In 1999, Vermont had 1,782 dairy farms and 160,000 cows. Now the state has fewer than 1,100 farms and only about 135,000 cows. For the past year, Northeast dairy farmers selling to the commodity market have lost money every day. It's not just that there's a worldwide glut of milk, keeping prices down, but feed, fuel, and other costs are up. The fear is that another large wave of dairy farmers is about to quit. In Vermont and wherever dairy farms are important, the landscape is under threat.
In 2005 at Jasper Hill Farm in Greensboro, Vermont, in the rural Northeast Kingdom, brothers Andy and Mateo Kehler were turning milk from their 40 cows into several flavorful, lucrative cheeses, including their well-known Bayley Hazen Blue. They understood that farms are integral to the region's character. Their own small farm was already putting $300,000 a year into the local economy. The dairy farmers around them were selling fluid milk on the commodity market, and then as now many were going out of business. Although some other kinds of farms, mostly very small, were starting up, the Kehlers were concerned about the future of New England agriculture.
Their solution, the Cellars at Jasper Hill, a $3 million project that opened in 2008, was an outgrowth of their cheesemaking. The Kehlers knew just how hard it is to be a farm cheesemaker. You farm, you milk, you make cheese, you age it, you find a market, you handle all the details of sale and distribution. Not many people have the talent or skill to succeed at all those diverse tasks. Not many have the capital to hang onto cheeses while they age. The Kehlers knew that the big leap in value occurs when milk becomes cheese. They figured they could help farm cheesemakers by buying their new cheeses (paying half up front) and handling the aging, marketing, and distribution. They wanted to lower the barriers to entry for farm cheesemakers.
The seven Jasper Hill cellars are underground, radiating in a half circle. After three years of operation, the 22,000 square feet are 30 percent full, which is ahead of schedule. The Kehlers had a piece of unusually good luck from the start. Nearby Cabot Creamery, part of the 1,200-farm Northeast dairy co-op Agri-Mark, had been thinking of a cloth-bound cheddar but didn't want to undertake the aging. That gave the Cellars a reliable large volume of cheese, now just under half its total. In the first year of operation, the Cellars shipped 70,000 pounds of cheese; last year, even with the poor economy, the figure was 250,000 pounds; and this year the Kehlers expect around 400,000 pounds. Mateo says, "We're picking consumers off the commodity bandwagon." Besides Cabot Cloth-Bound, the Cellars hold Grafton cloth-bound cheddar and cheeses from Jasper Hill and other regional farms: Cobb Hill, Crawford (Vermont Ayr), Landaff, Ploughgate, Scholten, Twig, and von Trapp.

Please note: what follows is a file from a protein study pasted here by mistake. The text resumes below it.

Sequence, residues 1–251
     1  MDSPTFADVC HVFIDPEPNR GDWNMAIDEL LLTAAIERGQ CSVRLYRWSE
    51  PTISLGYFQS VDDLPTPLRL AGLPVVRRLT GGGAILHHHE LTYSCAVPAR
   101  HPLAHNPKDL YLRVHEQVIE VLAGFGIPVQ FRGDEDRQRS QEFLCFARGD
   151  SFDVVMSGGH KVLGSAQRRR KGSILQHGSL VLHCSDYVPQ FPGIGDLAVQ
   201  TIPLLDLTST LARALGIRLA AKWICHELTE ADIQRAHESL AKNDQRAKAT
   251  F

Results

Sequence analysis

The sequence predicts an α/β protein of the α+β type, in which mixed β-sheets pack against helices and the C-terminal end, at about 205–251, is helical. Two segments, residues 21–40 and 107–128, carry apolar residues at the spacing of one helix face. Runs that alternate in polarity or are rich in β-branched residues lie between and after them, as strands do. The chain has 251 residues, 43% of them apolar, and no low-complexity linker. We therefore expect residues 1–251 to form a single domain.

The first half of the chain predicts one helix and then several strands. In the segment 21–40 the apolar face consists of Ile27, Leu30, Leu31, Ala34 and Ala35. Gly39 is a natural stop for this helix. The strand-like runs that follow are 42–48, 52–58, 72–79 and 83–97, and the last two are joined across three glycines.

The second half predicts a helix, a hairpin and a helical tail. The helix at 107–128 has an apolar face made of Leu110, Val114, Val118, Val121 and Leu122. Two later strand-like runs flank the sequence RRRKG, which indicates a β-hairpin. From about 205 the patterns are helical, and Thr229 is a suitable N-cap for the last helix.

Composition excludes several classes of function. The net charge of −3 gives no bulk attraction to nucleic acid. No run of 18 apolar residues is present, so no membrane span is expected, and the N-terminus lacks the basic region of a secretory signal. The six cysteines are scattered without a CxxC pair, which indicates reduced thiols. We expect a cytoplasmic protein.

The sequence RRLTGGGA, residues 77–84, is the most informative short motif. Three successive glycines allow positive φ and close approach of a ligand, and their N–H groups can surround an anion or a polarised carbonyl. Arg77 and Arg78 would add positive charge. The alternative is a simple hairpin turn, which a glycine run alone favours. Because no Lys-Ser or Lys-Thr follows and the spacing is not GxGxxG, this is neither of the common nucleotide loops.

At Jasper Hill, the natural rinds breathe. The cloth-bound surface of the cheddar becomes mottled with essential white, gray, and beige molds. The cellar air is cool, but warm and humid enough for a lively growth of yeasts and other micro-organisms. Flavor diffuses from the surface through the cheese, and a loss of moisture concentrates the flavor. An enormous amount of hand labor is required, especially turning and brushing for optimal ripening. Each wheel of cheddar is handled at least 70 times before it heads to market. The wheels sit on thousands of spruce planks, which between batches must be washed, a process that is only partly mechanized.
Nearly all the world's cheddar is extruded in blocks, vacuum-sealed in plastic, and aged under refrigeration. There's no need for care, and there's no loss of weight. The best of this cheese is very good, but the flavor never matches that of the best cloth-bound cheddar. In great old-fashioned cheddar, three things coincide: sharpness, strong flavor, and a crumbly smoothness. Beyond that, some wheels are more nutty and dry (sharper, harder), and some are more fruity and moist (sweeter, softer). What you prefer is a matter of taste. Cabot Cloth-Bound Cheddar, a winner in competitions, can have a distinct caramel sweetness. Children love it. It's on the level of the wonderful farm-made English cheddars. Cabot Cloth-Bound starts with excellent milk, of course, followed by skilled cheesemaking, but aging is key.